A home on 39th Street in Burleith.

A home on 39th Street in Burleith.

Burleith, a small, completely residential square of a neighborhood in northwest DC, doesn’t have nearly the same name recognition as Georgetown or Glover Park, its neighbors to the south and north. If anything, it’s thought of as Georgetown-lite, a more modest version of its swanky neighbor.

But for people who have found it, the neighborhood of 535 homes offers a distinctive housing stock and a quiet, more affordable way to live close to the action on Wisconsin Avenue.

Tucked Between Two Showier Neighborhoods

Burleith is bordered by Reservoir Road to the south, 35th Street to the east, Whitehaven Parkway to the north, and 39th Street to the west. It is often lumped in with Hillandale, a posher neighborhood to the west that is hugged by Glover Archbold Park to the west and north.

A Planned Development

In the early 1900’s, a developer bought up the land that is now Burleith with the intention of building homes on it for the influx of residents coming into DC at that time. (Kalorama was also developed during this era.) Many of the homes went up all at once: between 1923 and 1928, developers Shannon and Luchs built 450 homes in Burleith.

 

Typical Burleith housing stock

Typical Burleith housing stock

The housing stock offers a break from the very familiar Victorian row houses in Georgetown and Dupont Circle. All of the blocks developed by the Shannon and Luchs team have a recognizable look: the corners are anchored by boxy brick houses with peaked roofs and connected by modest two-story row houses, often with long, sloping roofs hanging down over the second story. The row houses are smooshed together, although the facades vary in color and material to distinguish one from the other. The front gardens are also notable: many are very well maintained.
Some modern architecture tucked in the neighborhood.

Some modern architecture tucked in the neighborhood.

While the Shannon and Luchs properties make up the majority of homes in Burleith, there are almost a hundred other homes in the neighborhood that vary in architecture and size. According to Burleith’s official website, a few properties along S and T Street between 35h and 36th predate Shannon and Luchs, and Tudors can be found on the north side of T Street between 38th and 39th.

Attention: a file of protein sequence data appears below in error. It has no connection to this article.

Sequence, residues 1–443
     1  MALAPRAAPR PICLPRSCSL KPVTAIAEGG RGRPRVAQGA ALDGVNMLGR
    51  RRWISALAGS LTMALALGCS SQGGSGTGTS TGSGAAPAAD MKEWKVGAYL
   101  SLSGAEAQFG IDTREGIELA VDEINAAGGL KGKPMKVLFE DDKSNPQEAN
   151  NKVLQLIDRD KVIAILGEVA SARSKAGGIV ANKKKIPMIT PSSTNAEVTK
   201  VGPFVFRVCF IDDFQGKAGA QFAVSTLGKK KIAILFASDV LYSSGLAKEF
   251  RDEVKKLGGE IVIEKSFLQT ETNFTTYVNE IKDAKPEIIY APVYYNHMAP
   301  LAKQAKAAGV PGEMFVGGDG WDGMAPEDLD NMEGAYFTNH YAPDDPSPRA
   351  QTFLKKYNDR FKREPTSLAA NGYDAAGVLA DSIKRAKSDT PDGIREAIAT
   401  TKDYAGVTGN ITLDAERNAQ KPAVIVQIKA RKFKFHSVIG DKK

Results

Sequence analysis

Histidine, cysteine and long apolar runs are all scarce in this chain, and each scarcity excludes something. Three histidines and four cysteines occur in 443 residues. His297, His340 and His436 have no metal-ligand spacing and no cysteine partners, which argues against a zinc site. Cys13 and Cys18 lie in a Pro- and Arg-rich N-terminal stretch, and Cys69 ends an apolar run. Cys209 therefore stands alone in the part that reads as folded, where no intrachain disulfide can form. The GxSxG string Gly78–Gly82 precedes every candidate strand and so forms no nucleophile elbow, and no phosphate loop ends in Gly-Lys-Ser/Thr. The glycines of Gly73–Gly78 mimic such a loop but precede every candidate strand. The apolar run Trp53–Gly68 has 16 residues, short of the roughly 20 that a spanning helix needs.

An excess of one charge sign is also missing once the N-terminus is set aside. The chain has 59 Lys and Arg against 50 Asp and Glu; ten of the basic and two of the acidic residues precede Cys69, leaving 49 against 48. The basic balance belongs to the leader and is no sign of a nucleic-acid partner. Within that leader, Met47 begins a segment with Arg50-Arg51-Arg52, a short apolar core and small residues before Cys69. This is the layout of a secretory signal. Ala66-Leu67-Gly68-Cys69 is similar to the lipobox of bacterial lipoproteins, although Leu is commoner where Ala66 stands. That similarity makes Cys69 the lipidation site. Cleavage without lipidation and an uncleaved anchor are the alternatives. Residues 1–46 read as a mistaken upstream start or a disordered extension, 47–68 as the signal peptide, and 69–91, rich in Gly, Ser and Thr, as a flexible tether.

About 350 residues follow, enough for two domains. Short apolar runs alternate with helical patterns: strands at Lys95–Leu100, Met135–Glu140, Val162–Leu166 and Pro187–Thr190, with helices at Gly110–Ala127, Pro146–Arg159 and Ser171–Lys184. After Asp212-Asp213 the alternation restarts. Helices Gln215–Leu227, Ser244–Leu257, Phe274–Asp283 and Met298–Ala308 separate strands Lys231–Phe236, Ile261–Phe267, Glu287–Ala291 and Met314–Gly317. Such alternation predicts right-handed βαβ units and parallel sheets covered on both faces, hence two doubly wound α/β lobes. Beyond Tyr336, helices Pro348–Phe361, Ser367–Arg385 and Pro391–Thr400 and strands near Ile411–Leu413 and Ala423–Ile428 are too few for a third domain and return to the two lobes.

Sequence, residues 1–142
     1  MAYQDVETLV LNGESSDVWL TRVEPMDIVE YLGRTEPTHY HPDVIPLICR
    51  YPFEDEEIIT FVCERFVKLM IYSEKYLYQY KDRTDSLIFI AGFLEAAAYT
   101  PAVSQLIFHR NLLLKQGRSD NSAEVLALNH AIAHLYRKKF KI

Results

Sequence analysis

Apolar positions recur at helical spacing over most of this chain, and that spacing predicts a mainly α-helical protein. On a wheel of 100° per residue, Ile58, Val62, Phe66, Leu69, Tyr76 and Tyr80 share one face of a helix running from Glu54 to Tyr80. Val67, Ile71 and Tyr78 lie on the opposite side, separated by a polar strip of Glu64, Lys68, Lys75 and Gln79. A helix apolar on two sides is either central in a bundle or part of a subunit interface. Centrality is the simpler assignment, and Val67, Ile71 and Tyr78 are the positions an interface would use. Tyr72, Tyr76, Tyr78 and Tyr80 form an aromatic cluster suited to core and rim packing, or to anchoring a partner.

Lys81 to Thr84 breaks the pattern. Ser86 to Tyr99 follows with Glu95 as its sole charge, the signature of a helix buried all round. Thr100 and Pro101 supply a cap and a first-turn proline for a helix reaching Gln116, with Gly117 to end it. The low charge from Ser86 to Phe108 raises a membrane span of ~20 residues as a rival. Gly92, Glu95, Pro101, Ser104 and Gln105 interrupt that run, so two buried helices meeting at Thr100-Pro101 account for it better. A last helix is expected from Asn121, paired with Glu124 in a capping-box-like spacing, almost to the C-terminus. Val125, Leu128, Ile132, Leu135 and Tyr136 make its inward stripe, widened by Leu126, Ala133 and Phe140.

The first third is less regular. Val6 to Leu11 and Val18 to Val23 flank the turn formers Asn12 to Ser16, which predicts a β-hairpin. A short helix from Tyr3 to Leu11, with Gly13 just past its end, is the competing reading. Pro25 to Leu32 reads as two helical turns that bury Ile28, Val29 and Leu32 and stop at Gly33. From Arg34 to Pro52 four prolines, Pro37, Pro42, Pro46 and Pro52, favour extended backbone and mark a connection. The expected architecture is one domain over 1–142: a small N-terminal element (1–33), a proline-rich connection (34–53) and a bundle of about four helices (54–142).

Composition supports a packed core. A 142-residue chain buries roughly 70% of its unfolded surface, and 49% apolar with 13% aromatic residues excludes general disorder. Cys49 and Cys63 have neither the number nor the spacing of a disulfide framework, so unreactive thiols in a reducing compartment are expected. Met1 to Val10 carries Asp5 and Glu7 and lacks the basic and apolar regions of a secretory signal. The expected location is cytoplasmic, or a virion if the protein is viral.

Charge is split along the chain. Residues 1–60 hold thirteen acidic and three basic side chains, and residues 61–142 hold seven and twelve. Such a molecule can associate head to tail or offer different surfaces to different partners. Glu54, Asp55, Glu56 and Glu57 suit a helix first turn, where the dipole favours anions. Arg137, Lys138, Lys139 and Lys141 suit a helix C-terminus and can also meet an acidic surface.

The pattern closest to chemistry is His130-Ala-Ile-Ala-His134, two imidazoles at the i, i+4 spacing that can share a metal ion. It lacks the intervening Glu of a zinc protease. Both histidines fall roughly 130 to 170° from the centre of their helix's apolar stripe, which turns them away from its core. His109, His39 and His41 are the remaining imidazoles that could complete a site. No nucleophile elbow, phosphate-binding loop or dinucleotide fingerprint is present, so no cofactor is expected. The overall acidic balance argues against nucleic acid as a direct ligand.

Of late, homes have been selling for between the high $600’s and mid $800s, but given the size of the neighborhood, there are not many homes on the market at one time. There is currently one house available in Burleith: a four-bedroom Tudor built in 1931 with an asking price of $929,000. Tonier Hillandale homes sell for well above $1 million.

An Active Community

“You have a healthy mix between long-time residents, students from Georgetown, and some young professionals,” Chris Clements, current president of the Burleith Citizen’s Association, said of the population.

Clements and his wife moved to Burleith in 2007, looking for a relatively affordable home that allowed them to stay in the District and avoid a long commute. His house is smaller than what one might find in the suburbs — Burleith properties average about 1,200 square feet — but the neighborhood, nearby amenities and short commute make the size manageable.

Like many neighborhoods in DC, Burleith has seen a boom in young families. “Since we moved here, the number of baby strollers has doubled,” observed Clements.

Lush front yards

Lush front yards

The list of active participants in the Burleith Citizens Association runs more than a dozen deep. The group maintains a listserv, activates behind causes, organizes book clubs, hiking clubs, dining clubs and publishes a monthly newsletter. Residents of Burleith have been active since the inception of the neighborhood, and are apparently responsible for many of the amenities, including street lights, playgrounds and an improved bus service.

While an engaged community is generally a good thing for a neighborhood, a few events over the last couple years might lead outsiders to say that Burleith residents are a little too active. In November 2010, DCRA received a list of 134 properties from a coalition of Burleith neighborhood groups who spent two months (yes, two months) walking the blocks identifying what they believed to be illegal rentals. Using DCRA’s Property Information Verification System, the groups entered in property addresses that they believed had illegal rentals to see if the property was registered.

Standout Schools

The exceptional schools in Burleith contribute to the vibe of the neighborhood. Duke Ellington School of the Arts, a public high school for high-achieving arts students, is regularly acclaimed for its stellar faculty, and Corcoran College of Arts and Design is a well-regarded institution (notable alums include David Lynch and Tim Gunn). Washington International School’s primary school campus is also in the neighborhood, shielded from view by a thick wall of shrubbery.

Duke Ellington School of the Arts

Duke Ellington School of the Arts

Proximity to Action

As mentioned, Burleith is tucked between Georgetown and Glover Park, and homes there are minutes away from the commercial strip on Wisconsin Avenue. Safeway and Whole Foods are both nearby, as well as banks, gyms, restaurants, bars and the Georgetown library. “I can walk to pretty much any store or service that I need,” said Clements. “Of course you’ve got Georgetown, but the Glover Park commercial area has some good places to eat, hang out and drink a beer.”

The Bottom Line

Burleith is a small residential neighborhood where resident turnover is rare. However, if you are looking for peace and quiet and can find a home for sale, Burleith is a great alternative to the tony areas that surround it.

  • Zip Code: 20007
  • Burleith-Hillandale real estate data from Redfin